I don’t always write on topics that one hears about regularly, but this month’s topic is conveniently embedded into the very DNA of everyday conversation niceties. Why we are so preoccupied with asking people “how are you?” when we don’t actually care or at least don’t have time to find out is beyond me. However, inane conversational rituals is another topic for another time.
What’s the answer to “how are you?” that we seem to get 90% of the time?
“Oh, I’m busy.”
Busy, huh? Funny, that’s exactly what the last 10 people said also. I thought I was the special one, being so busy.
We’ve all had times in our lives where we’ve been busy. But lately I’ve been having way too many conversations with way too many people who are “overwhelmed”, “falling behind”, “just needing to catch up”, etc. So if you’re one of those people, reschedule your next 3 meetings and postpone your dinner date, cause we’re gonna take five minutes and TALK.
Since you’re short on time, let me ask you straight up: why are you busy?
Here are your two possible answers:
A) To avoid my inner thoughts
B) Because I desire connection with others
If you answered A), please reroute to my article “Got Spiritual Credit Problems?”. If you answered B), congratulations! Your journey continues below.
“But what if I just chose B) because I didn’t want to choose A)? I don’t even know what B) means…”
Well, my friend, think deeper. I sincerely believe that the only reason humans do anything is to make connections. Connections with God, people, animals, androids…we want connection. I mean, you don’t join clubs because you hate people. You don’t go to church, synagogue or seances because you dislike the idea of connection with the divine. And you don’t have a job just so you can earn money, much as many of us seem to think so. Money = power, and power = connection, no?
Connection is good. So why is it that the busiest people are often the least happy?
Let me refer to my life in answer.
My high school life was the quintessential example of the overachiever. Co-President of the Student Council, played volleyball and basketball, got top grades in my class, co-led a small group, led a worship team at church, worked, played lead roles in drama productions, international missions trip…and that all not including social events, or eating and sleeping (which actually it didn’t always include, due to busyness, of course).
Sometimes this lifestyle was fun, but, as I journaled at one point, “I seriously don’t like my life a lot of the time…it’s too…I don’t know…busy and screwed up.” Funny, because, a year earlier, I had written, “IF YOU ARE TOO BUSY FOR GOD, STOP”; ie., if I don’t have time to cultivate a relationship with my very purpose in life, there’s no point to anything else. Guess I got too busy to remember that. And sadly, it wasn’t till I got out of high school and moved to another country that I felt like I was able to put my brain back in.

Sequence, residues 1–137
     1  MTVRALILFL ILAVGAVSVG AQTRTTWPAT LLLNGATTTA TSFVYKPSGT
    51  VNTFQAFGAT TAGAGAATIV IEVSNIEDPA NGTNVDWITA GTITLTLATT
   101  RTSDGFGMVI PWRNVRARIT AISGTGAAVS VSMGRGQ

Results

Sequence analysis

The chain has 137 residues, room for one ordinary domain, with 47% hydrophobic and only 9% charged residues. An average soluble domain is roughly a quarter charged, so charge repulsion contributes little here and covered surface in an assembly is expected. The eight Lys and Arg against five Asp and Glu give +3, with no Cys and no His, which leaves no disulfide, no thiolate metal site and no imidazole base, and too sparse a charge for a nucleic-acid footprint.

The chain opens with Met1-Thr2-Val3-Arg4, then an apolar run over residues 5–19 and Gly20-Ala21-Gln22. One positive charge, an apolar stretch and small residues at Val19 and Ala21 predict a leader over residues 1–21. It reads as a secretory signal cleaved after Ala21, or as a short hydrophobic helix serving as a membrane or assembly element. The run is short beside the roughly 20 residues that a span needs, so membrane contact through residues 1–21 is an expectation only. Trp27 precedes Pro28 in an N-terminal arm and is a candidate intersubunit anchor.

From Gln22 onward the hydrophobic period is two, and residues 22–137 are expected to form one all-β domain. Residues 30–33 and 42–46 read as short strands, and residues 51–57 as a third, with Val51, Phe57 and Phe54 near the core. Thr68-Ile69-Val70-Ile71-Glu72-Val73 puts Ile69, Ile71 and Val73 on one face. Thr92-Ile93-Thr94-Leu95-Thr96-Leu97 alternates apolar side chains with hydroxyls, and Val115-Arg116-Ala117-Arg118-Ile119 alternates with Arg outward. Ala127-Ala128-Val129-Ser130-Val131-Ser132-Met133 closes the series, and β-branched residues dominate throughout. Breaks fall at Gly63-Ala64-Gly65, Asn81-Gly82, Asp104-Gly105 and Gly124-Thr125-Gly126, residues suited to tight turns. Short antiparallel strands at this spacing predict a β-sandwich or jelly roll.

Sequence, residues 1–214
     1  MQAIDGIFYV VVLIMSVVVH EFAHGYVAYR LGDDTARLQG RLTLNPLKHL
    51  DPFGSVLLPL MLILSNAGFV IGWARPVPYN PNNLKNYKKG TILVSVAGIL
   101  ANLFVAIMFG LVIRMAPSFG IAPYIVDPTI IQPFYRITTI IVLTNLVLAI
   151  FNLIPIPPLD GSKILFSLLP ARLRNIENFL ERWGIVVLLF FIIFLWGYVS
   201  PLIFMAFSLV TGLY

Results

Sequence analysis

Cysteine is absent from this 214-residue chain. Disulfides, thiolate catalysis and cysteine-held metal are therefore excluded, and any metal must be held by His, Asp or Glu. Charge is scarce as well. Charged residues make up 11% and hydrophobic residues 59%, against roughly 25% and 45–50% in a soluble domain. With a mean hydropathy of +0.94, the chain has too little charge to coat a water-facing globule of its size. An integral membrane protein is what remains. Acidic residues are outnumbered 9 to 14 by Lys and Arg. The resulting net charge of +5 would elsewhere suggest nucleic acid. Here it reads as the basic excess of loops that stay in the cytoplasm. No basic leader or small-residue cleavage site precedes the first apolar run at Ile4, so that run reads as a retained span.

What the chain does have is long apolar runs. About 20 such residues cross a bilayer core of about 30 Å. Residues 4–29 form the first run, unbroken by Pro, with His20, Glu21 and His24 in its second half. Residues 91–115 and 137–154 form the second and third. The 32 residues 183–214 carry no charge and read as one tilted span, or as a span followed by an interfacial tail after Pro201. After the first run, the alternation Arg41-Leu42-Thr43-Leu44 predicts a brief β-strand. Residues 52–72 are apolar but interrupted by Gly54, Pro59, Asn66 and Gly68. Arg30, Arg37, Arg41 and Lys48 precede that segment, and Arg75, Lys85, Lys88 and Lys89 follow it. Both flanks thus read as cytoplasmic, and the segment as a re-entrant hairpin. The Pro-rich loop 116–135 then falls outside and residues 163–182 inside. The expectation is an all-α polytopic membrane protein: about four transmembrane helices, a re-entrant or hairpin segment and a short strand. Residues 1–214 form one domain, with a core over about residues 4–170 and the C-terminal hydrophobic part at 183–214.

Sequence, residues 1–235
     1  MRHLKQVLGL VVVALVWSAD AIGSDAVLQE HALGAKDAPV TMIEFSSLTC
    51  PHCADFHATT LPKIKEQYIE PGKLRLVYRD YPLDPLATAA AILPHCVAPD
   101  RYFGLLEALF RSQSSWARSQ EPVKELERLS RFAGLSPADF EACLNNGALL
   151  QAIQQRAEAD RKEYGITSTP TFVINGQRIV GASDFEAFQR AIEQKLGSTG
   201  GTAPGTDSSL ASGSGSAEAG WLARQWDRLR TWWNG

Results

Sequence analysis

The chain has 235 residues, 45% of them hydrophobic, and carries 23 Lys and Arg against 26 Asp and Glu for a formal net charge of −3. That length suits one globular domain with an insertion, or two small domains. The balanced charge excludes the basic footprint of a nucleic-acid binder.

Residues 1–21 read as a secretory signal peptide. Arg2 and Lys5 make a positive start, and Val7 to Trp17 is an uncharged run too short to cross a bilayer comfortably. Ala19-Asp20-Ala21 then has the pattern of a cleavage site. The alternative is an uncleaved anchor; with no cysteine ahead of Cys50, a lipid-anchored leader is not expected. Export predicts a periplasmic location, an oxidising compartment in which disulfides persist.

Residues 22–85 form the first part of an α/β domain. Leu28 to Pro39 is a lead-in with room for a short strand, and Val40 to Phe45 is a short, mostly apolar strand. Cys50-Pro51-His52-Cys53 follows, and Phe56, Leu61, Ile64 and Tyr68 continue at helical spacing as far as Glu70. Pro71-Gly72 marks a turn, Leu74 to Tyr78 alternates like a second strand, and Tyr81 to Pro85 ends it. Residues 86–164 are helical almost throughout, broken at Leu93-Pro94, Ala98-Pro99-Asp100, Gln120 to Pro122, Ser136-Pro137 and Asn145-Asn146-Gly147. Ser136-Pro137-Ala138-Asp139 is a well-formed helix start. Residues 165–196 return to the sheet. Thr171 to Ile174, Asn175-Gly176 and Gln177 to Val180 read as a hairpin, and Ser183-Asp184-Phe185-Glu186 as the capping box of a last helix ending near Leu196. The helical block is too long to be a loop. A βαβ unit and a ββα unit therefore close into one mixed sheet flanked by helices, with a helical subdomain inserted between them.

Therefore, I propose that the reason people can get so unhappy when life gets busy is that they lose sight of the reasons why they got busy in the first place. Have you become a victim of Busyinitis? Take this test: ask yourself when the last time was that you actually realized, in the moment, that you were connecting with someone and/or simply feeling fulfilled. NOTE: looking at old photos and thinking about how great things were “back in days of yore” doesn’t count – how do you remember how you ACTUALLY felt when that picture was taken?
If you can’t remember the last time you really felt great, and you don’t expect to have this experience anytime soon, ask yourself: is what you’re doing REALLY worth it? Because, see, it’s a trap to think that you’ll only feel fulfilled in some pie in the sky moment in the future. For example, people often say college was the best time of their lives. Well, I’m in college, and I don’t hear ANYONE say that. Perhaps we’re too busy to realize we’re “having the time of our lives”?
So let me offer you some healthy combat tips for fighting Lord Busyness:
- Keep in mind that you can feel fulfilled even when you’re on the journey. Know why? Because YOU’RE ALWAYS ON THE JOURNEY. All you gotta do is just decide whether you’re going to enjoy it or not.
- Understand that life is like going for a swim. Sometimes you just gotta stick your head under and paddle, but if you want to make sure you’re actually going the right direction, you’re gonna have to stick your head up and take a look around every so often.
- Do less better. Be careful what you sign up for; like Kris Vallotton says: “good is the enemy of best”.
- Give your life some some margins to be able to scribble in. Shutting off the ability to be spontaneous can be really depressing.
- Whatever you do, FIND PURPOSE IN EVERYTHING YOU DO. If you don’t know or can’t remember why you’re involved in certain things, lay ’em on the altar and see what they’re really worth.
If this article caught you in the middle of a torrent of activities and you’re wondering how exactly you can reach for this lifeboat of serenity before you spiral away again, I’d say you have two options. You could stick your head under and paddle hard till your responsibilities are through, like I did in high school, and then reassess everything after. Or you could proclaim, “carpe diem!”, flip your desk over, and march triumphantly out of your daily humdrum into your bright, free future.
Whichever level of drama you choose, you owe it to yourself to give yourself some space. Life’s too short not to realize when you’re actually living it.
A public man, though he is necessarily available at many times, must learn to hide. If he is always available, he is not worth enough when he is available.